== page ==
Do you long to escape to a place with fresh air, country living and eating well (even on a budget)?Welcome to La France profonde in the country voted the best for “old world living” by International Living magazine. La France profonde is what the French see as “deep France,” the most profoundly French areas of rural France where traditional life is unchanged.
With the rise of the remote work force and a strong dollar, Americans are finding worthwhile buying opportunities abroad. I suppose it makes sense.
Forbes magazine reports “the median property cost in the U.S. is $428,700, almost double that of French housing $269,000 (251,000 euros).
Green acres is the place to be
Rural France remains an excellent bargain for those interested in a finding the best deals. Bloomberg reports younger Americans priced out of the U.S. housing market have joined retirees and investors in the search for a better lifestyle in Europe. The current challenge in France is inflation, rising interest rates and supply chain issues. Nonetheless, the value of real estate is going up and inflation in France was not as bad as other countries (6.15 percent in November 2022 compared to 9.3 percent in the United Kingdom and 10.0 percent in Germany).
Why does that matter to you?
Brace yourself for a backlog when ordering materials. Plan a buffer in your budget to accommodate delays and cost increases due to setbacks from COVID and the war in Ukraine.
The French government is also in the process of revising some of its standards in building codes. This is great news when it comes to protecting potential buyers, but it could potentially slow down renovation schedules.
There is a silver lining
Due to inflation, many French folks are having a hard time coming up with the money for their down payment. Plus, French banks recently requested (March 2023) new applicants for home loans to redo all of their paperwork for reconsideration.
In other words, it is getting harder for French citizens to receive approval for bank loans. That combined with the increase in housing costs in general has caused a slump in sales, according to recent reports on French television station TF1.
Why does this matter? According to TF1, it is easier to negotiate a lower price for homes with sellers.
Good luck is when opportunity meets preparation
When shopping for a home, pay attention to the energy rating and check for outdated heating systems, lack of sufficient insulation and drafty windows. Be prepared to file permits for construction/renovation with local officials. While your are filing all that paperwork, check with the mayor’s office for deals on installing cost efficient heating systems. You might qualify for financial assistance from the French government.
Farm livin’ is the life for me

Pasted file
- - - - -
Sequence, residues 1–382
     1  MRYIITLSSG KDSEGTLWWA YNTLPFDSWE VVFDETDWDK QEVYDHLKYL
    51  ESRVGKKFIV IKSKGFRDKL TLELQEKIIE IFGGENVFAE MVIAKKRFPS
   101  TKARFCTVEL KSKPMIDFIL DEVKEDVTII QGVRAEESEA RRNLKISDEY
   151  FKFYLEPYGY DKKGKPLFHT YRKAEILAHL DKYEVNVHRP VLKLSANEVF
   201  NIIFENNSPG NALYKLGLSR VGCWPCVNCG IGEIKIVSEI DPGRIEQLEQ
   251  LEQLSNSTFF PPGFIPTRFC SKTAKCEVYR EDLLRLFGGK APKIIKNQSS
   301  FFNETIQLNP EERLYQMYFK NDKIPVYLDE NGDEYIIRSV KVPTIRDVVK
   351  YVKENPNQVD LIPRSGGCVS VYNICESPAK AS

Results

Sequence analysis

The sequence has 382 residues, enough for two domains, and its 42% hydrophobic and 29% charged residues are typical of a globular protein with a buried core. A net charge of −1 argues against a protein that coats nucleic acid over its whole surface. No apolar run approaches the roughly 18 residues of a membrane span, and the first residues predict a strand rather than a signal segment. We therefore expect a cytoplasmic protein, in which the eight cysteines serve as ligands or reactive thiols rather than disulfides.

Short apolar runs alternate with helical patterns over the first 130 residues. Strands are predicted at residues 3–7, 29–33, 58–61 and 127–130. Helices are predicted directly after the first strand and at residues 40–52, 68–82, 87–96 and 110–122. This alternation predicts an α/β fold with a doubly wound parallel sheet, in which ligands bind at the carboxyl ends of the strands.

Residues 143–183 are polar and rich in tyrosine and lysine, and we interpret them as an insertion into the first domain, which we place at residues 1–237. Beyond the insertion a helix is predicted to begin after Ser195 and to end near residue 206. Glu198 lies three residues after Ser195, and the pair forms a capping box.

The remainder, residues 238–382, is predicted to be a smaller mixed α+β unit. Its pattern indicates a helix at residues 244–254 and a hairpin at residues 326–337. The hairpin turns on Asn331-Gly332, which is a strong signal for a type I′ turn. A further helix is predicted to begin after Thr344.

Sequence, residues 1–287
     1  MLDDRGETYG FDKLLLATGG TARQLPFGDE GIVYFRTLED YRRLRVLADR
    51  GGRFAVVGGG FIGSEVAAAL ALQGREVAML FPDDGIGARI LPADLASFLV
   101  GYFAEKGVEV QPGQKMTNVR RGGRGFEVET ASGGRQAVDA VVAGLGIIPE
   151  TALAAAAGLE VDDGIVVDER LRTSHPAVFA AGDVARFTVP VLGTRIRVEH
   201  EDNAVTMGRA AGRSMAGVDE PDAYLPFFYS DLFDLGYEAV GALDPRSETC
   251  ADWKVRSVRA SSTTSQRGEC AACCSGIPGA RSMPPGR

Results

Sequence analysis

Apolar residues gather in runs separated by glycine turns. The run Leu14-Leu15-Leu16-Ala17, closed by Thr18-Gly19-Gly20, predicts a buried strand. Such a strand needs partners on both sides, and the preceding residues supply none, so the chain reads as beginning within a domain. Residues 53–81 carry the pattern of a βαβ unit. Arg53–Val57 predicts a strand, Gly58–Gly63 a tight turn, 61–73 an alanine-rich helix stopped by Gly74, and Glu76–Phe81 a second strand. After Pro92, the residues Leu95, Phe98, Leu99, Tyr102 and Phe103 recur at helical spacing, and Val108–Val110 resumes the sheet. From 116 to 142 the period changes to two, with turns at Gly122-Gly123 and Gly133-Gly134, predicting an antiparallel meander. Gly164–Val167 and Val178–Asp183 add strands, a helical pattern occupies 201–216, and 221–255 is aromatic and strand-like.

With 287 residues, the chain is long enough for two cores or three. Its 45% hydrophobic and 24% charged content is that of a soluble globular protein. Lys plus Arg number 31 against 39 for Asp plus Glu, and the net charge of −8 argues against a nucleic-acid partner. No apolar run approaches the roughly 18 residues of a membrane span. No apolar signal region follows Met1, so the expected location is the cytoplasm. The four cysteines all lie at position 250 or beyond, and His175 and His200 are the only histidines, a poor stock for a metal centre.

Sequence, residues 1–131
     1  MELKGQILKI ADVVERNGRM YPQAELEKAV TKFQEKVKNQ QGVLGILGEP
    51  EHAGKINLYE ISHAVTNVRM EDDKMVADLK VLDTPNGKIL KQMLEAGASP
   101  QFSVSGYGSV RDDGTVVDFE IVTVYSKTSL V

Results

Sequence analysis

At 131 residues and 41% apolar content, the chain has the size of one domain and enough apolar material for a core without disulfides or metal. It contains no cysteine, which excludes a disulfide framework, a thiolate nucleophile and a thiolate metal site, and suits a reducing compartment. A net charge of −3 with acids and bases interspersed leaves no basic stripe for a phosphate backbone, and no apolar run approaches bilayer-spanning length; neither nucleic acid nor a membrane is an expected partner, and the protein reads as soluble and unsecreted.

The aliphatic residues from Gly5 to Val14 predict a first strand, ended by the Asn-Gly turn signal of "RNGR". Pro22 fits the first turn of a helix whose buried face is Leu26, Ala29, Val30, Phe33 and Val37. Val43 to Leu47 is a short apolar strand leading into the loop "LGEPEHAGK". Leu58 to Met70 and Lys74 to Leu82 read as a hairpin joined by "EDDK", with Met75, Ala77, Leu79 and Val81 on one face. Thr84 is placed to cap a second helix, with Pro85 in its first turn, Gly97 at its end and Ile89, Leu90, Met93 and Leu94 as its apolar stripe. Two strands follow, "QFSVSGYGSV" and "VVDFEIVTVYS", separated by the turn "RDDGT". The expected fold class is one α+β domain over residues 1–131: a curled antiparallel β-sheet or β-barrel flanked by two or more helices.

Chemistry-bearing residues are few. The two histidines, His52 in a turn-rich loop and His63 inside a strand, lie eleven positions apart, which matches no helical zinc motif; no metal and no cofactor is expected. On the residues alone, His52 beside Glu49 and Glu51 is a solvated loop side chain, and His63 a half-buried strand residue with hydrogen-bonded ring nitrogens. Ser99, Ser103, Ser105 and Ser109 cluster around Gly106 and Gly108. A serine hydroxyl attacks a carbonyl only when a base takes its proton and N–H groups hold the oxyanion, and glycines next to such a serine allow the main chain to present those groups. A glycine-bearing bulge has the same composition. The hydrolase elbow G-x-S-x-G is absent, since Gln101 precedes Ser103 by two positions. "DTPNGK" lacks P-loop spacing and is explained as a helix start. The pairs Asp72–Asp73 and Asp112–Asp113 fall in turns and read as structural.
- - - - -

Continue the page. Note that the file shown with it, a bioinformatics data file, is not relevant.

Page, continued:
The upside is that a move to the French countryside, where crime is lower and prices are typically cheaper, is definitely a draw. Americans moving abroad say they are dissatisfied with the cost of living and housing prices in the States. They also hope to leave behind growing concerns about U.S. political divisions and crime rates, according to this Forbes post.
Land spreadin’ out so far and wide
If you’re ready to house hunt but are not sure where to start, it would be wise to get a real state agent who REALLY knows the region. They’ll help you locate a home that fits your budget and lifestyle in a place that meets your criteria. Most of the Americans I know who are considering a move say they want to live in Paris, Provence or the Côte d’Azure.
Yeah, I get it.
But most French people say they want to move to Los Angeles or Manhattan. (It’s likely they have never heard of Savannah, Georgia, Telluride, Colorado or Naples, Florida). I suppose both the Americans and the French get this idea from watching films.
There are some hidden gems out there that may surprise you. Get out there and look before dropping a load of cash. Need more tips on where to look? I can help with that too: See my post here on living a Champagne lifestyle in France on a beer budget.
Keep Manhattan, just give me the countryside
The ability to work remotely also gives digital nomads the ability to escape to French village life, liberating them from the headaches of urbanization. For me, living a la campagne is great as long as I’m close enough to hop in my vehicle after breakfast and be in Paris (or Lyon) by lunch.
If you don’t have a car but want to stay mobile, consider buying property walking-distance from a train station. France has an extensive rail system and it is getting even better. They plan to invest 100 billion euros in rail infrastructure by 2040, according to Reuters.
Here are some helpful tips I gleaned from the syndicated American personal-finance expert Dave Ramsey:
• Look for the least expensive home in the best neighborhood you can afford.
• Limit your house payment to no more than 25 percent of your monthly income.
• Make sure your down payment is at least 20 percent to avoid PMI (mortgage insurance).
• Choose a 15-year fixed-rate conventional mortgage (which tend to have lower rates than 30-year mortgages, and since they end 15 years sooner, you’ll pay less interest over time).
• Need a free mortgage calculator? Check here .
And remember, Mark Twain’s tip: “Buy land; they’re not making it anymore.” Just do it before the hordes come in and run up the property values.
Still interested in fixer-uppers? Read my post here on finding deals in rural France.
Read more about Alice’s expat life here.
Alice Verberne is a contributing writer for Dispatches Europe. She has worked in print journalism and magazine production in the United States and Europe throughout her career. She currently resides in France where she enjoys visiting former French speaking colonies and discussing history with the locals.